Waist-high grass and corn lilies in a pristine section of Simpson Meadow.
Still pretty, but this is where the horses have done their work.
Above Simpson Meadow, the gorge gets very narrow and the evidence of recent glaciation is everywhere.
A nice campsite in Upper Basin.
A stormy morning prompted a fast hike over Pinchot to avoid lightning exposure. I was originally going to go up Arrow Pass and climb Arrow Peak before descending the Window Creek drainage back to the trail, but it seemed like a bad idea given the thick cloud cover even at 6 AM. It turned out the storm was all bark and no bite, but at the time I had no interest in being on top of a mountain!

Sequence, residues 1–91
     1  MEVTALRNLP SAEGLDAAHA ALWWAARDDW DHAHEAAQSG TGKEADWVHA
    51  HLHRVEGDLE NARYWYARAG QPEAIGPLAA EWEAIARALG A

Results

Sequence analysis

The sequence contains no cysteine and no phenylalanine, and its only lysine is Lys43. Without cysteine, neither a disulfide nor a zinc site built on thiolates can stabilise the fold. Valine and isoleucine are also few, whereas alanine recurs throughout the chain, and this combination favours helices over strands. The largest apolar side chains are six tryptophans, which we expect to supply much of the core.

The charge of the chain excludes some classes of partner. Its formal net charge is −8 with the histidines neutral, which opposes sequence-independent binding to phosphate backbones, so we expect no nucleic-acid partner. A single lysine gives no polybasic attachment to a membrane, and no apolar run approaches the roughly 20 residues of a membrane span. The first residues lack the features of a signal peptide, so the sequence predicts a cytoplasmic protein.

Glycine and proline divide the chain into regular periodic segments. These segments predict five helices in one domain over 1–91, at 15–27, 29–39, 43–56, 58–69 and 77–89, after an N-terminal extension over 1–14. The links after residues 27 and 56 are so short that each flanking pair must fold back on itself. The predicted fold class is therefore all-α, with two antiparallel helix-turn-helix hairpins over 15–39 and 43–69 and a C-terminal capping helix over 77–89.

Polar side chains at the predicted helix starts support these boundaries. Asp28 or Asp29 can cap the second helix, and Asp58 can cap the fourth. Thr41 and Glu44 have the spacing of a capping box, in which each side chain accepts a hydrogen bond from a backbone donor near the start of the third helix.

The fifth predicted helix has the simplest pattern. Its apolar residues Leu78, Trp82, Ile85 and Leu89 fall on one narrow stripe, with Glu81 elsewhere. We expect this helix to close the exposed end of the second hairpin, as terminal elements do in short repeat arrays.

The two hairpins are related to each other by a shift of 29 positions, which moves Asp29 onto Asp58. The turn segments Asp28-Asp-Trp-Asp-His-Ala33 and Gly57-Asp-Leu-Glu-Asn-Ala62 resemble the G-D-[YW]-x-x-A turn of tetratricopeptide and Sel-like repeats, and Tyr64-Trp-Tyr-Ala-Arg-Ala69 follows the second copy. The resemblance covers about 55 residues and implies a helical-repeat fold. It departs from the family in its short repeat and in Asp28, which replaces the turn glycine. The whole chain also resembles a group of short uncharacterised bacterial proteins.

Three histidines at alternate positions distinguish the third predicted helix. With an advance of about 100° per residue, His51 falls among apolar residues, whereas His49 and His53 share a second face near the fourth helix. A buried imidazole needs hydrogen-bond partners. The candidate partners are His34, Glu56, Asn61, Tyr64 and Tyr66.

Nice alpine forest in Upper Basin. One of my favorite sections of the JMT.
South side of Pinchot Pass.
This marmot was more concerned with sunbathing in a brief patch of clear sky (and stealing food from hikers) than he was about the approaching thunderstorm. Perhaps I should have learned something from him - 45 minutes of light rain was all that ended up happening that day.
A nice dry campsite in Upper Paradise Valley. You can see a 10 foot diameter dry spot on the ground thanks to the thick cover of the Jeffrey pine I camped under. I put up my Hexamid for good measure, but it was bone dry even after the afternoon showers. It was nice to leisurely cook dinner while sitting on a rock when everybody else was hiding in their tents to stay dry.
As always, hiking out Woods Creek is a pleasant experience.
Thanks for reading!